3. The Left needs greater coherence: Particularly at times like these when people are looking for answers, the moment is here to put on the table the major structural reforms that are necessary to meet the immediate and long-term material needs of the mass of people. Putting these proposals forward means, in fact, that we have to also be willing to speak to the need to move beyond capitalism. Both the global and domestic mess of capitalism demonstrates that it has no answers for the bulk of humanity. The Democrats and Republicans, as they fumble through one crisis after another, offer little in the political realm. We on the Left must seize the moment and build on the excitement that is present and the deep desire for substantive change. In order to position ourselves for the future, we should work together to strengthen Left theory, program, strategy and revolutionary organization. No time to hope for change; time to bring about change through struggle and organization!


¡Harvey Milk, presente!

Wednesday, November 22, 2006 

My first Wikipedia article...

Since I know for a fact that several people who read this blog are either better writers than I am, or are at least more knowledgable about STORM's history, politics and work, consider this a call to friends to help improve a somewhat shitty Wikipedia entry (which is none-the-less superior to non-existant one). Namely, if you know how to index Wikipedia entries please do so.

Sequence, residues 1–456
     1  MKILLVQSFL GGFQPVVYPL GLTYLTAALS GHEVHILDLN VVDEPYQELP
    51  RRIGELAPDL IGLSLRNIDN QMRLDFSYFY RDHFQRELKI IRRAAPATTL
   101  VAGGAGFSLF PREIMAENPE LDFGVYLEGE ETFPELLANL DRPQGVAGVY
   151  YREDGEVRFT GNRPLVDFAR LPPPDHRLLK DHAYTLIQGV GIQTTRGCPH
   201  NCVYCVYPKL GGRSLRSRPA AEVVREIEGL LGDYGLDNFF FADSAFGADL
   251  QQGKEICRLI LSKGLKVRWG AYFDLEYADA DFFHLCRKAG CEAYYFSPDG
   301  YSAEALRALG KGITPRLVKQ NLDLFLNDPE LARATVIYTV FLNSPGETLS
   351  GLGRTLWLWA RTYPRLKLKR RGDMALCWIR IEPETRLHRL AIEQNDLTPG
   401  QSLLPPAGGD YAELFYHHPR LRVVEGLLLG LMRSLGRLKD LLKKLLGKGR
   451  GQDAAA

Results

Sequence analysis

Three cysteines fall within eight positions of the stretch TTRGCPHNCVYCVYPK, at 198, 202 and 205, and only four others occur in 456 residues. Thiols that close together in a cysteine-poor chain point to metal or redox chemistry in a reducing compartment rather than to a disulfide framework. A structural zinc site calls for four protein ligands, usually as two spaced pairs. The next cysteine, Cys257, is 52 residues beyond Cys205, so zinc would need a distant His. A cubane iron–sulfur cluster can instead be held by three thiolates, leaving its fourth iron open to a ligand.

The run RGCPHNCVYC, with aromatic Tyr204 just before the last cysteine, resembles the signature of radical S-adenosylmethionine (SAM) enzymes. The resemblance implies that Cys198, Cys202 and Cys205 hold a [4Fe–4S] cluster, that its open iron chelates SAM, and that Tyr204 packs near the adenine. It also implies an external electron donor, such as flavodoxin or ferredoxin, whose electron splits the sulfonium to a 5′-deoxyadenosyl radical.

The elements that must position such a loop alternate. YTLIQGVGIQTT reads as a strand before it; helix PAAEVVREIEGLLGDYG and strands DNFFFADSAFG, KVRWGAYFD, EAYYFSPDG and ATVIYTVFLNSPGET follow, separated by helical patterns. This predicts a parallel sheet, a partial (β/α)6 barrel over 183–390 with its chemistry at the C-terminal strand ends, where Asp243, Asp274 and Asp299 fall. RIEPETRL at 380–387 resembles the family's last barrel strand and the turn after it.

Nelson H.

Standing Together to Organize a Revolutionary Movement (STORM)

Formed by young activists in September 1994, Standing Together to Organize a Revolutionary Movement(STORM) was a revolutionary cadre organization based in the Bay Area. During its existence STORM's membership was always more than 60 percent women and 75 percent people of color, and most of STORM's membership had never previously been in revolutionary organizations. STORM officially dissolved in December 2002.

A collective summation entitled Reclaiming Revolution: History, Summation, and Lessons from the Work of Standing Together to Organize a Revolutionary Movement (STORM) was written by former STORM cadre, collectively endorsed by a majority of the organization's former membership and published in Spring 2004.

"Sisters at the Center"